View post tag: US Navy View post tag: US Marines View post tag: KAMANDAG Photo: An AH-1Z Viper helicopter with Marine Light Attack Helicopter Squadron (HMLA) 169 flies in the sky during the final exercise of KAMANDAG 3 at Colonel Ernesto P. Ravina Air Base, Philippines, Oct. 17, 2019. Photo: US Marine Corps The US, Philippines and Japan concluded the bilateral military exercise Kamandag 3 in a ceremony in Manila, Philippines, on October 18.The Philippine-led, bilateral military exercise, which was designed to increase readiness through capabilities development, improve combined responsiveness, and enhance partnership and interoperability between Philippine, Japanese and US forces.This year’s KAMANDAG marked two major milestones during the exercise. The Philippine Marine Corps successfully launched their assault amphibious vehicles for the first time alongside US and Japan Ground Self-Defense Force AAVs to conduct a multilateral amphibious landing.Additionally, significant advancements were made during bilateral air defense and threat reaction drills between Philippine and US forces, which support territorial defense training.Throughout the exercise, Philippine and U.S. service members conducted training in amphibious operations, live fire drills, military operations in urban terrain, reconnaissance, low altitude air defense, aviation operations, humanitarian assistance and disaster relief, and other areas.The Japan Ground Self-Defense Force’s participation in the exercise focused on humanitarian assistance and disaster relief training scenarios. All three countries partnered during a variety of community relations events, including teaching hundreds of local civilians in the Luzon region about lifesaving skills, disease prevention practices, and overall personal wellness.“Our forces have enhanced capabilities, interoperability and readiness through teamwork fostered by a true dedication to the attainment of excellence,” said Maj. Gen. Paul J. Rock Jr., 3rd Marine Expeditionary Brigade commanding general. “Seeing the output of their hard work and expertise, I have the utmost confidence that our forces stand prepared in their mission to uphold peace and security throughout the Indo-Pacific region.” View post tag: JGSDF View post tag: Philippine Navy Share this article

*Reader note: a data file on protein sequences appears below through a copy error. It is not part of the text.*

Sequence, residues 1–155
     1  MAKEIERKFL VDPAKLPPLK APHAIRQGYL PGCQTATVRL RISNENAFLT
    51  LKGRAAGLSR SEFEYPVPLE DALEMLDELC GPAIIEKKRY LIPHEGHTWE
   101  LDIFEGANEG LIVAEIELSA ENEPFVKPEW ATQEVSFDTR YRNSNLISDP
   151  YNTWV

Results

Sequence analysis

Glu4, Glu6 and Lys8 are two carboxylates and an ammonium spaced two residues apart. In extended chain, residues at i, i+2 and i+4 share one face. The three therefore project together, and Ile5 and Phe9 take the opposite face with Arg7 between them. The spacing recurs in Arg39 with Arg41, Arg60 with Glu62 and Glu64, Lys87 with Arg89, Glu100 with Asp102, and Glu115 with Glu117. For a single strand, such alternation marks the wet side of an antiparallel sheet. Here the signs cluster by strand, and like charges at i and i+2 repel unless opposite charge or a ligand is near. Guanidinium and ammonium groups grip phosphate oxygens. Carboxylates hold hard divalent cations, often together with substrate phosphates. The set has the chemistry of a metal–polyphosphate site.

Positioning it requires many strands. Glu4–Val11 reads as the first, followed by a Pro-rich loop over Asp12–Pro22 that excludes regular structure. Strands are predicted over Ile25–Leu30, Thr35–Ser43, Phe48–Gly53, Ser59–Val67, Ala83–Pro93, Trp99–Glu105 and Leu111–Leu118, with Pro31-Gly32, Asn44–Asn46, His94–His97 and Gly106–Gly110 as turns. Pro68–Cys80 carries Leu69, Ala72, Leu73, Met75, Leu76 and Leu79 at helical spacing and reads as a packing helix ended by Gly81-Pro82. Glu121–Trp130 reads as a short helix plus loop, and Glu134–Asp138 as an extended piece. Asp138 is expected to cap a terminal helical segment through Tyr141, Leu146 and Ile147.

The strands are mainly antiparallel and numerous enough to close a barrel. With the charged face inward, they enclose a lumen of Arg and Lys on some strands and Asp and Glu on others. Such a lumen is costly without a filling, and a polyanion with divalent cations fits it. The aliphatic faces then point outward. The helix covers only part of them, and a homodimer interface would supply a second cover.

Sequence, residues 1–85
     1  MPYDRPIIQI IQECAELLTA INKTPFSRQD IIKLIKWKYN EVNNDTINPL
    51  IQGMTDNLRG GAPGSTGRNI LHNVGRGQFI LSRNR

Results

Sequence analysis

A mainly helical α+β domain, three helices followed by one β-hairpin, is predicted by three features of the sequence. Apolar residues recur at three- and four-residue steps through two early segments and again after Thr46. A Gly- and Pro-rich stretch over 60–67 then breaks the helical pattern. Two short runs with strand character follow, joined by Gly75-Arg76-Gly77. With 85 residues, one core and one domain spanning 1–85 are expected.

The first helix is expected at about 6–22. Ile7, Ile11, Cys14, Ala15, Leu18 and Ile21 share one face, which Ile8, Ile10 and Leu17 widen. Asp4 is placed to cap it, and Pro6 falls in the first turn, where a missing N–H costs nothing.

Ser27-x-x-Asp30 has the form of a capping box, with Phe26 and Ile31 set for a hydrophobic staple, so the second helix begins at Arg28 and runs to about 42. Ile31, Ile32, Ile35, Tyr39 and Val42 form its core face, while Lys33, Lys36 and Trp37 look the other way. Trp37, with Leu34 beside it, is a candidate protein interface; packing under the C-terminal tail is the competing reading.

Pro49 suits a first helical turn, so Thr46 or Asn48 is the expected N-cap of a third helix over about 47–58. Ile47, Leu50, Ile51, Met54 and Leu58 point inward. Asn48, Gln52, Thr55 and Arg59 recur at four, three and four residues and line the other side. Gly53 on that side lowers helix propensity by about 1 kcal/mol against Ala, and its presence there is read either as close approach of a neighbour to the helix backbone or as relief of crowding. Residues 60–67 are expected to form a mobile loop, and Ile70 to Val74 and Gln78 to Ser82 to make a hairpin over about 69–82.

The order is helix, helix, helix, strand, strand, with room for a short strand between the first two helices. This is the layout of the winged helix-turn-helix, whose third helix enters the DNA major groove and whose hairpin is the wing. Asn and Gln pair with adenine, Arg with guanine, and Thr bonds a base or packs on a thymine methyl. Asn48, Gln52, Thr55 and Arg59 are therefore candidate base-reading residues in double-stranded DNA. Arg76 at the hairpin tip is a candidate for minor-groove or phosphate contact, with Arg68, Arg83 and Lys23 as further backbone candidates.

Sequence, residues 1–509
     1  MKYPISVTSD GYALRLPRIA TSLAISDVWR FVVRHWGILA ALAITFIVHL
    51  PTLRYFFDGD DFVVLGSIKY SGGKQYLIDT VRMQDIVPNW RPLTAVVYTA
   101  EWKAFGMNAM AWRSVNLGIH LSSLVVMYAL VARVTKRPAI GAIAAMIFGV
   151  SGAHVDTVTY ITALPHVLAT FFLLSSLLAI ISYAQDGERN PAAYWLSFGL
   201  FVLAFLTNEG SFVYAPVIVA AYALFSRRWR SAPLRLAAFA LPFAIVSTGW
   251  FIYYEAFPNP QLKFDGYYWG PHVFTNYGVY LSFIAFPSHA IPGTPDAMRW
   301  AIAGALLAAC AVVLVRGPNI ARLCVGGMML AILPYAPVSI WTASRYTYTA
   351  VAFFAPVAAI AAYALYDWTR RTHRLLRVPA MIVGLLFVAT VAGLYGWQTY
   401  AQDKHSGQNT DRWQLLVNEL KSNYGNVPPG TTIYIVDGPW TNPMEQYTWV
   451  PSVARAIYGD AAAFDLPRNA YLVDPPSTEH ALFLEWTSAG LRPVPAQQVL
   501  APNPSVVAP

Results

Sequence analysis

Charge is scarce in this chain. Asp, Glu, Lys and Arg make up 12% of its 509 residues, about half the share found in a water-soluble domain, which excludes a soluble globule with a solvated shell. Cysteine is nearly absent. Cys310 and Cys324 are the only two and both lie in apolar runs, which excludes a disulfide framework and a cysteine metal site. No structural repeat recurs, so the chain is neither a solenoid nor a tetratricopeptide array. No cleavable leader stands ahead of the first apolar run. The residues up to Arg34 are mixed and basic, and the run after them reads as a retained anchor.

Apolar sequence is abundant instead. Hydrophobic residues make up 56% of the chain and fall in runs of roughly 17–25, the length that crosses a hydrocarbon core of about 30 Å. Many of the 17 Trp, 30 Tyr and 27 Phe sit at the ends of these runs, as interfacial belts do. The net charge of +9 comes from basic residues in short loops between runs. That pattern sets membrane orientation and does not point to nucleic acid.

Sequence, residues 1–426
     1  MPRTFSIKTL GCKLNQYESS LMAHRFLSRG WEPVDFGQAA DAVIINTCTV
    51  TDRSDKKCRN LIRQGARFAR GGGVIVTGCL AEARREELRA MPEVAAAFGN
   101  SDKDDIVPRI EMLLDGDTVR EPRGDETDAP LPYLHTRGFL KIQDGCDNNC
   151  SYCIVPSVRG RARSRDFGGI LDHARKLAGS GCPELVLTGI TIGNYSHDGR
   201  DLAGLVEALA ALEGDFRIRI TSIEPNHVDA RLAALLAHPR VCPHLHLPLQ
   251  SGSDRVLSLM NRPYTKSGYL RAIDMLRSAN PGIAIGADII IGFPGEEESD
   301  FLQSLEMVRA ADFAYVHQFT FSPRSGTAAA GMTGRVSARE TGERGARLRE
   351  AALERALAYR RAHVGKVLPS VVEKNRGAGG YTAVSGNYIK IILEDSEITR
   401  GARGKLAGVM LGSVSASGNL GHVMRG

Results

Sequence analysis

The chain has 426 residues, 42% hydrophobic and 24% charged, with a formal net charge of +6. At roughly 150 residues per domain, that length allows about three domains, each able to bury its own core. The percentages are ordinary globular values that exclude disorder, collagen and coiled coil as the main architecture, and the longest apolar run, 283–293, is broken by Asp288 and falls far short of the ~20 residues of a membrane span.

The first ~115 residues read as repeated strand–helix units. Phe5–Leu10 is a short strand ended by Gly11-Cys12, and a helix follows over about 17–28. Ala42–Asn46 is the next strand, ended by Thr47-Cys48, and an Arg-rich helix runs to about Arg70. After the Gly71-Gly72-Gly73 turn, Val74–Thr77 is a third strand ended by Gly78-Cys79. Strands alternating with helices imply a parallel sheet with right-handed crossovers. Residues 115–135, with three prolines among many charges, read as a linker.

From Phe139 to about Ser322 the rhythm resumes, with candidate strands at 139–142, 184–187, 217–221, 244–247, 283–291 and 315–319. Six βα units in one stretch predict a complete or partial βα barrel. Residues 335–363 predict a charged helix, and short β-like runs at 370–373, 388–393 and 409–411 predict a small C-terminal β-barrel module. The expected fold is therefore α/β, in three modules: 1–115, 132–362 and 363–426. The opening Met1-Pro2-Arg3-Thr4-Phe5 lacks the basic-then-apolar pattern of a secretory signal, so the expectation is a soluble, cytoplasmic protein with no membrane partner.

l The sadly departed author JG Ballard was assistant editor on The Baker in 1956, then the official publication of the Institute of British Bakers and of the Institute of Irish Bakers… tinyurl.com/dgbtpv l Deep Fried Coke is taking off in the States with a calorie count equivalent to 10 slices of bread… tinyurl.com/2jnt7u l A thief managed to steal a spiral mixer in front of craft bakery staff and whizzed it off in his sports car… tinyurl.com/dfl7v6 l There’s a ’National pineapple upside-down cake day’… tinyurl.com/d62wlj
Swiss chocolate maker Barry Callebaut increased sales volume by 11.8% in the year to 31 August 2014, helped by the integration of the cocoa business acquired in June 2013. Volume growth accelerated in the fourth quarter and reached +2.9% for the full year compared to +2.3 volume growth of the global confectionery market. All product groups contributed to the volume increase as continued growth was seen in emerging markets.Sales revenue was up 20.1% as a result of ‘strong volume growth’ and higher than average cocoa bean prices compared to last year. Gross profit grew 18.2%, which the company credits to a ‘significant’ increase in profitability and an improved product mix with more Gourmet and speciality products and better product margins.Juergen Steinemann, chief executive, said: “The short-term global economic outlook will remain challenging. Therefore, we will focus on tight cost controls. However, based on our proven long-term strategy, the structural investments made over the last few years and the global platforms we have built, we see many opportunities across our three growth drivers – emerging markets, outsourcing and strategic partnerships, and Gourmet.“We expect to continue to outperform the global chocolate market and will keep focusing on margin improvements. With this, we remain confident in achieving our mid-term targets.”